Luxor review – Andrea Riseborough shines in a story of love and trauma
An early selling-point of cinema was its ability to allow people to see locations on the other side of the world, places they could never dream of getting to in person. A century on, current restrictions mean we are once again travelling through our screens, and new drama Luxor provides the perfect antidote for those feeling a bit penned in.
Andrea Riseborough (Mandy, The Grudge) plays Hana, a British surgeon who arrives in Luxor for a break, having suffered a horrific unspoken experience in a Syrian warzone. Having studied there in her 20s, the Egyptian city holds many happy memories for her, and it’s fun to watch her soak in the architecture and reconnect with old flame Sultan (Karim Saleh).
Independent films set in exotic cities can sometimes lean on their surroundings to the point where they become 90 minute sightseeing expeditions. That isn’t the case here, as while much of the film is contemplative, an emotional reckoning quietly builds thanks to Riseborough’s slow-burn performance.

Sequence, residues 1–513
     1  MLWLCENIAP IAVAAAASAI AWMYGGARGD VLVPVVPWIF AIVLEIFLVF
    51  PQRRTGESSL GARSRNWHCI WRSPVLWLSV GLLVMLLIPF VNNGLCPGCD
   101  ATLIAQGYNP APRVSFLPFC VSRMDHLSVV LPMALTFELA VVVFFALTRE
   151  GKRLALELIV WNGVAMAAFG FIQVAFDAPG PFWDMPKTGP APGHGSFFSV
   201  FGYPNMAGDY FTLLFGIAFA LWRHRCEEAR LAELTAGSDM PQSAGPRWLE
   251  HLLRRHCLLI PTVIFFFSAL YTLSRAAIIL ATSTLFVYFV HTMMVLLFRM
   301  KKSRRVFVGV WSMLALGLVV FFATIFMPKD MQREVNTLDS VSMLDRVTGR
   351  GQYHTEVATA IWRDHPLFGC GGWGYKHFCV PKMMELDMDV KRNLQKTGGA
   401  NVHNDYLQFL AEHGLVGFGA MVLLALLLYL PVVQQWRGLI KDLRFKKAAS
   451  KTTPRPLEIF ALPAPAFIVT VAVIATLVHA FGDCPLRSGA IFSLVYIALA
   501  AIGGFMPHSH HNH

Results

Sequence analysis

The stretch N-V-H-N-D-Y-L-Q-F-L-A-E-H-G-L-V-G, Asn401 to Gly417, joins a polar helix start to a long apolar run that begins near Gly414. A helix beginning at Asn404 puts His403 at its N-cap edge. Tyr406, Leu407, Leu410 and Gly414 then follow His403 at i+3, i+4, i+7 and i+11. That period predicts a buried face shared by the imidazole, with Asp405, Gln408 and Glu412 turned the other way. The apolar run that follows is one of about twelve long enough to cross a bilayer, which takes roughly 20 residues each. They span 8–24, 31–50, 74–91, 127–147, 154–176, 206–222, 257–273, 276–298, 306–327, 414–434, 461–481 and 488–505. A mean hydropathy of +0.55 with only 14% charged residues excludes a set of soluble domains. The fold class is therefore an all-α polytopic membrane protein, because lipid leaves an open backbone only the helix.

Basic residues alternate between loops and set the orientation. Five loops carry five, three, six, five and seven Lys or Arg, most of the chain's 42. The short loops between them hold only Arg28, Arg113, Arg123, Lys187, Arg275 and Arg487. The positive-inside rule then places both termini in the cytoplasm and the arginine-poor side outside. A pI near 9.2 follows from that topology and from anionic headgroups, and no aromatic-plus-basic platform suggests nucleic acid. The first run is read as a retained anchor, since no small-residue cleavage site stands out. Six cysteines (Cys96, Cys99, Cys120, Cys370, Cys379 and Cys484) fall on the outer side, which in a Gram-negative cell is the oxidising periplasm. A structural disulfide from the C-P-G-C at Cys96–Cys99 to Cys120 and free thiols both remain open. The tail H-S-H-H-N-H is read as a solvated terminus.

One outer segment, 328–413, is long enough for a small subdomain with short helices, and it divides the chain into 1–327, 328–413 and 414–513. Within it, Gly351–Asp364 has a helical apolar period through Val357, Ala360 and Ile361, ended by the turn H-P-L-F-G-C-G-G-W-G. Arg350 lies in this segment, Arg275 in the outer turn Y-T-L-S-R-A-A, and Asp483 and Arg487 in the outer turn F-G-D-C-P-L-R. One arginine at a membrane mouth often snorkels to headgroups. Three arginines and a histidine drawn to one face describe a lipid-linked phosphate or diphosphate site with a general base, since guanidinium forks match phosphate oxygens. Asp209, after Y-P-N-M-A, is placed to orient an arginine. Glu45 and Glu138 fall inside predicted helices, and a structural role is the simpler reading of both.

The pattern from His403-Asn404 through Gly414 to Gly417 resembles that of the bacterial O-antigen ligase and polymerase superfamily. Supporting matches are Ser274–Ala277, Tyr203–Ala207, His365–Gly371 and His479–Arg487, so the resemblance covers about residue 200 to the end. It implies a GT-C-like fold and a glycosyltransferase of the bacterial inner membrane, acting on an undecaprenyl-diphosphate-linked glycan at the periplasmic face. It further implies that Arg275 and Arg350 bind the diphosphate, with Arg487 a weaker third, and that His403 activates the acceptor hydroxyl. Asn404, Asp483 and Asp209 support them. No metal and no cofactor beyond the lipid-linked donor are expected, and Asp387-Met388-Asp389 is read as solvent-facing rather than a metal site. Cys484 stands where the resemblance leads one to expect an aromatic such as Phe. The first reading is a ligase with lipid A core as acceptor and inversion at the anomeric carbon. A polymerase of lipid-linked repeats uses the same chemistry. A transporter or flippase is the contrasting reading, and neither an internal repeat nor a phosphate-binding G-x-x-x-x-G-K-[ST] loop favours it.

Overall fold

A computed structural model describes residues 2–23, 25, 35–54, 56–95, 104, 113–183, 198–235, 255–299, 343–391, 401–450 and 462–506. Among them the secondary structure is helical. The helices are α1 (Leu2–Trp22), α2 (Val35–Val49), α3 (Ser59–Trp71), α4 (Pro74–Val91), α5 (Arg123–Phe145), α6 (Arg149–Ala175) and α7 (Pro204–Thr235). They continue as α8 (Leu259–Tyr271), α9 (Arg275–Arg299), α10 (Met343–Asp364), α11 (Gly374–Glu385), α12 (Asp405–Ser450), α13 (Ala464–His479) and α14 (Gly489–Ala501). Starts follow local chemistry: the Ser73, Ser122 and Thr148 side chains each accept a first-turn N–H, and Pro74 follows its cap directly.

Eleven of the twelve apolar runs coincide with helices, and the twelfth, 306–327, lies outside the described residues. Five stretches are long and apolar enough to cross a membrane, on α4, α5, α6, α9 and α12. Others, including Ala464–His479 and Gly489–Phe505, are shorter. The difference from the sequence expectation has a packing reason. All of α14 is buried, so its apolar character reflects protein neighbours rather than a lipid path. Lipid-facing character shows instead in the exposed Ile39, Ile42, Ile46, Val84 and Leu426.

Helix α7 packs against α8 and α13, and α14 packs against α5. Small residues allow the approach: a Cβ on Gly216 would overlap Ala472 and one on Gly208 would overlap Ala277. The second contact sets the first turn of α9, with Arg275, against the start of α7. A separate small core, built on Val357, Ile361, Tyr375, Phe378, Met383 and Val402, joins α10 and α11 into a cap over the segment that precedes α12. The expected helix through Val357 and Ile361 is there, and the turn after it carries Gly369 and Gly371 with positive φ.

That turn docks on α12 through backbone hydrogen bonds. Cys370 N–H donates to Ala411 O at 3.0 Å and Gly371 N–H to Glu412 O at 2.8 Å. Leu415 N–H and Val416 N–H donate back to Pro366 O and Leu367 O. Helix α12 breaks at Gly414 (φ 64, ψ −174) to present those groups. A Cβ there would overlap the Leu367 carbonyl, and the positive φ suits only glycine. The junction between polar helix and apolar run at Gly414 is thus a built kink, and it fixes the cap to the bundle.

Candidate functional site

Hana is introduced to us as a closed off individual, unphased by the sights and sounds of Luxor. Early on, the well-worn chat up lines of an obnoxious American tourist seem to have no effect on her, and yet the next shot is them in bed together. As Sultan comes back into her life, there is an easy rapport as the two reflect on their relationship, and gradually Riseborough betrays some lingering affection: when he reminds her that they are friends on Facebook, Hana mutters “they last thing I want to see are pictures of you on a beach in Dubai, happy with kids”.
The star does a wonderful job of packing so much into these narrative breadcrumbs. Hana remarks that Luxor feels “pregnant” with the weight of its history, and every silence heaves with emotion. Writer-Director Zeina Durra visually reflects this psychological barrier – we only see the moments before and after sleeping with someone, and when Hana’s trauma finally causes her to break in the film’s final moments, a door is literally shut in our face. It’s a story of grief so deep it needs to be concealed.
Luxor’s thoughtful tone and leisurely pace won’t be for everyone, but London-born filmmaker Durra has crafted a character study that rewards those who pay attention.
Luxor is available on demand from 6th November